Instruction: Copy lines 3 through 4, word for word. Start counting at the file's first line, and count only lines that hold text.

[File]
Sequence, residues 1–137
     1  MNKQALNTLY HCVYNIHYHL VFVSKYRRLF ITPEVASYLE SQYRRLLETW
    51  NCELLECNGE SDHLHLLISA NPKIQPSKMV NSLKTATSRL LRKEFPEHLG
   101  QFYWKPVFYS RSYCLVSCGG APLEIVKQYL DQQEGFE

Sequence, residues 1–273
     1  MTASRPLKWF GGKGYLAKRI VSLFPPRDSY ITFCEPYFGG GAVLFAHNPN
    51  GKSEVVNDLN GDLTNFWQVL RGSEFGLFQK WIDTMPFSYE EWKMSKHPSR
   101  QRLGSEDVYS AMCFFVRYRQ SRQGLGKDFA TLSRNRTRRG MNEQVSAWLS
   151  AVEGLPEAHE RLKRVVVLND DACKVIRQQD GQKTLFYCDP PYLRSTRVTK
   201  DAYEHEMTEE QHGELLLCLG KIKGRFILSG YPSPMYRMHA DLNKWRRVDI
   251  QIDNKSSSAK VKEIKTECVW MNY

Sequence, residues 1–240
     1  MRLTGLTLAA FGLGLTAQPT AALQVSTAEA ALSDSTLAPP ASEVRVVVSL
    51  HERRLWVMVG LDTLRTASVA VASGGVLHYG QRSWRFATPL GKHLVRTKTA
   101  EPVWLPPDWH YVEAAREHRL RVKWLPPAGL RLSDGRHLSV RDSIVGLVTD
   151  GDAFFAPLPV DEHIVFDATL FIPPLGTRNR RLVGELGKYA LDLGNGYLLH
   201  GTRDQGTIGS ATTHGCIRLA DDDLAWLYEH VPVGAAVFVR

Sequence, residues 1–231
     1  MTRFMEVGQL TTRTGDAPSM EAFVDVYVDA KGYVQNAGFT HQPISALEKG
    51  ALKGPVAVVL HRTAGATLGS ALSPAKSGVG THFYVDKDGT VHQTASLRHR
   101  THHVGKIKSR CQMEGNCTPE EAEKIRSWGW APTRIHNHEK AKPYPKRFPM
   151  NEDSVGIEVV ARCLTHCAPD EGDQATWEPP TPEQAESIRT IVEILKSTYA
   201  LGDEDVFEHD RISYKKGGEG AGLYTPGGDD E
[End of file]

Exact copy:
    51  NCELLECNGE SDHLHLLISA NPKIQPSKMV NSLKTATSRL LRKEFPEHLG
   101  QFYWKPVFYS RSYCLVSCGG APLEIVKQYL DQQEGFE